Thursday I was in Tokyo (again) to meet with the execs from iStockphoto who were in town for the launch of iStockphoto Japan. If you remember from this post entitled Where can you get good images? — and this one called iStockkphoto.com: quality photos for the rest of us — I'm a raging, inexorable thunderlizard evangelist (what?) for iStockphoto. iStock is run by some seriously cool people, and over the years they’ve cultivated a loyal community of photographers, artists, and customers across the globe. Many of them, like Guy and me, have become big fans. iStockphoto in fact took a page right out of Kawasaki’s Art of the Start and have been kicking butt ever since (read their interview with Guy). Over a year ago Getty Images acquired iStockphoto for $50 million. This seems like an excellent fit since Getty Images is the leader in rights-managed stock (and high-end royalty free, etc.) and iStock is the leader in microstock with a vast community.
Meeting the iStockphoto execs in Tokyo at their local digs. (L-to-R) Me; Bruce, President & CEO; Garth, VP Business Development; Kelly, VP Marketing
I began using iStockphoto back when they didn’t have such a large catalog of images, but I was attracted to the easy of use of the site and the concept behind the microstock agency. Now they are up to over 1.8 million images (and growing). I was at the office of Getty Images Japan to meet the iStock executives from Calgary and discuss some ways we can help each other (more on that later). They are a great group of guys. They treated me to lunch in Harajuku at the funkiest Okonomiyaki place I have even seen and I was their guest at a blowout party on the top floor of the Mori Tower in Roppongi Hills with Getty Images and 500 creatives to kickoff the launch of iStock in Japan. The folks at iStock and Getty are extremely cool…and they know what they are doing. I was quite impressed.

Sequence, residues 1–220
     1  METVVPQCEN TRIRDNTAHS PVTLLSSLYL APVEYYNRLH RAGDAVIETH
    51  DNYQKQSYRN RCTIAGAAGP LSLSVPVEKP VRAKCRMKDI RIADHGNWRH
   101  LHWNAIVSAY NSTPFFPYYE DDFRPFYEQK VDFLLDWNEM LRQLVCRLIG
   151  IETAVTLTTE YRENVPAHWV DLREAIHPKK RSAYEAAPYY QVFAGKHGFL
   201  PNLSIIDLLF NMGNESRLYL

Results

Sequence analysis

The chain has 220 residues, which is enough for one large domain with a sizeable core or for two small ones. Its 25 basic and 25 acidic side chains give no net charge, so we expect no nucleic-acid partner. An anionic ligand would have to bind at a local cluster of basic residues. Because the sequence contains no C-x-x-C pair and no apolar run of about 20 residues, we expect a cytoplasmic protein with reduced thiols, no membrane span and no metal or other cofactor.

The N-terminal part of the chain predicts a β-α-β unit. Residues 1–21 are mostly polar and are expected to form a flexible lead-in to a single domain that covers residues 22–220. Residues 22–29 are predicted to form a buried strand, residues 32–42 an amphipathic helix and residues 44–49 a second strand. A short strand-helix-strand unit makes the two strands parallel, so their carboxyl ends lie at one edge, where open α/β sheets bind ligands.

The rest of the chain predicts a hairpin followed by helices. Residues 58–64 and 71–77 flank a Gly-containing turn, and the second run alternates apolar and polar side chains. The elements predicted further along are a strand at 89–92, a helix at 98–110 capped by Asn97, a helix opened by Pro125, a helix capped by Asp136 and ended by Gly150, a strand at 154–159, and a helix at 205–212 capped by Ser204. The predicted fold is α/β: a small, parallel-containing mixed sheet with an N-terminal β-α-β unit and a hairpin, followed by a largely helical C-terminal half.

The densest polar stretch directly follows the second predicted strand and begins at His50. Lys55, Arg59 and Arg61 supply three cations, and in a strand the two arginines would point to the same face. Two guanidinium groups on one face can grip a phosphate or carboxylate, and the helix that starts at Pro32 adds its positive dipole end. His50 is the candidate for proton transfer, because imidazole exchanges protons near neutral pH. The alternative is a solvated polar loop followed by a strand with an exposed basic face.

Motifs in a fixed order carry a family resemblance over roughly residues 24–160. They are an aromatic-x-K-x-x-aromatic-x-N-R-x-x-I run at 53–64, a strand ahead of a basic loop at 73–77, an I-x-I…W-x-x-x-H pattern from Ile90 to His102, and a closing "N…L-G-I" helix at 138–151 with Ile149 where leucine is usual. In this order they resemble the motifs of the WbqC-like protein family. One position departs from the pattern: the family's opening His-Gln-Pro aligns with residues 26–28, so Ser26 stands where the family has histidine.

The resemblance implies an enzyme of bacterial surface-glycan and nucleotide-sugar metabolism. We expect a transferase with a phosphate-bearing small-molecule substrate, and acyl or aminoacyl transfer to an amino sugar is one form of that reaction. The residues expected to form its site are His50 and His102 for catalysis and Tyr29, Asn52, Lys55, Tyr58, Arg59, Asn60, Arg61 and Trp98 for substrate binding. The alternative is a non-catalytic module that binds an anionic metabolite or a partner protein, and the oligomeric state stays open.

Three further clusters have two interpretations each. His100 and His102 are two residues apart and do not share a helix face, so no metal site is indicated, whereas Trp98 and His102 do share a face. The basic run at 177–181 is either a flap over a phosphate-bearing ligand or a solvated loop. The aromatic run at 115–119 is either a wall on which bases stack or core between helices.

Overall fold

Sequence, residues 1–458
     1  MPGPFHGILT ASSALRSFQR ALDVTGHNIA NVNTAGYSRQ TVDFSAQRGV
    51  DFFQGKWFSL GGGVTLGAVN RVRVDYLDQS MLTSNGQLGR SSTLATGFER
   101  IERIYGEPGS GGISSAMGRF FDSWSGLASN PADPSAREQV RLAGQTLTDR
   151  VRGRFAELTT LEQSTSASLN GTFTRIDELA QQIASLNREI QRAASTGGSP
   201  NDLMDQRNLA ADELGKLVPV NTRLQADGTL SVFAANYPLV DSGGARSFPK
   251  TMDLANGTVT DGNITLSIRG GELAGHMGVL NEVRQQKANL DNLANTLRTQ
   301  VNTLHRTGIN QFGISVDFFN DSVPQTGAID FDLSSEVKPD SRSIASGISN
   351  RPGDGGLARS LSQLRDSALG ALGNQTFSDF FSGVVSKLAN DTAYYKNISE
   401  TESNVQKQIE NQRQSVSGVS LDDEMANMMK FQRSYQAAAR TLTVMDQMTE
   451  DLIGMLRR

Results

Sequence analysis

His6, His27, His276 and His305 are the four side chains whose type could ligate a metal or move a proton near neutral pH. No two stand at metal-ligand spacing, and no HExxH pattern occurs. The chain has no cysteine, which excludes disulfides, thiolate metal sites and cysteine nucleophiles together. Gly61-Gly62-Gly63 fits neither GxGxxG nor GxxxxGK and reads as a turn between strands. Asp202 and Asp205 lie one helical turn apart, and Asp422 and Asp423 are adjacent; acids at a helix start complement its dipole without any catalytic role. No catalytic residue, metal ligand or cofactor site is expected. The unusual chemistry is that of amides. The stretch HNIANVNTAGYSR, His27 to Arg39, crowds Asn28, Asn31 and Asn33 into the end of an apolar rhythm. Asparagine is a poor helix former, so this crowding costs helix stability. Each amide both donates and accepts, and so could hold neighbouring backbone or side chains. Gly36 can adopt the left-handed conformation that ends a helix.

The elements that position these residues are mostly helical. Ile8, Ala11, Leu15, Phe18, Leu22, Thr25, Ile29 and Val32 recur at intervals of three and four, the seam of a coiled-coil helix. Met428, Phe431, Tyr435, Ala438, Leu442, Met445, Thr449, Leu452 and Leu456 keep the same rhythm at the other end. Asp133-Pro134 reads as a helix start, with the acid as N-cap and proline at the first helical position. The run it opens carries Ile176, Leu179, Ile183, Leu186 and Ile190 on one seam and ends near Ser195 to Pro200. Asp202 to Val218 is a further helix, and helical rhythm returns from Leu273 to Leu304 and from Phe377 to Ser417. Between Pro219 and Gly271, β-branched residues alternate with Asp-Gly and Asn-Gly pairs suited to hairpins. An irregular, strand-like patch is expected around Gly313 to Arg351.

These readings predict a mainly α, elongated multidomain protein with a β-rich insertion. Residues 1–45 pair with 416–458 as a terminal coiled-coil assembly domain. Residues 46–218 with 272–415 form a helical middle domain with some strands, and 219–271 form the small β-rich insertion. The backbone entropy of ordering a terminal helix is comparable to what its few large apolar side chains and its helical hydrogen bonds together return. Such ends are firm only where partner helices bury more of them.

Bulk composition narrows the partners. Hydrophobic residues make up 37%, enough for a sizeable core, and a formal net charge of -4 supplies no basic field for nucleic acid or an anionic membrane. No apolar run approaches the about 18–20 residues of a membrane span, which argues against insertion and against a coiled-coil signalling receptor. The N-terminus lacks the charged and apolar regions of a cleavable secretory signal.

Bruce and the guys show me their Canadian method for making Okonomiyaki.
See more photos from my time with Getty and iStock in Tokyo. There are many places to get photos these days, but I urge you to go over to iStockphoto and give them a try.
Below are three slides I'm using in a new presentation I just put together today; the two images are from iStockphoto.
(1) I'm often asked by young entrepreneurs in Japan how they can get customers. I'm also asked constantly by foreign students how they can get internships in Japan.
(2) My answers always start the same: You gotta get out! The idea of getting out there, taking a risk, and selling yourself (and your vision, etc.) is not something that comes naturally to most Japanese. The quote from the Kawasaki interview with the iStockphoto crew underscores my point: nothing comes to you — you have to go get it.
(3) Having a diverse, quality network has always been important for entrepreneurs, but in today's world it's absolutely critical. So get out there and "press the flesh." Go to parties, attend conferences, chat up the person preparing your coffee at the local Starbucks in the morning, whatever. We're only here on this planet once, and you just never know who you'll meet if you get out.
I met Juergen Sack, a German photographer living in Tokyo who contributes to iStock in his role as “Exclusive Photographer” for iStockphoto. I’ve used many of his images before so it was fun meeting the man behind the camera. Checkout some of his images here. You just never know who you'll run into...
• Interview with iStockphoto Founder and CEO Bruce Livingstone
• Interview: Bruce Livingstone, CEO, istockphoto.com
• iStockphoto CEO on Getty Images acquisition: Exclusive interview on one year anniversary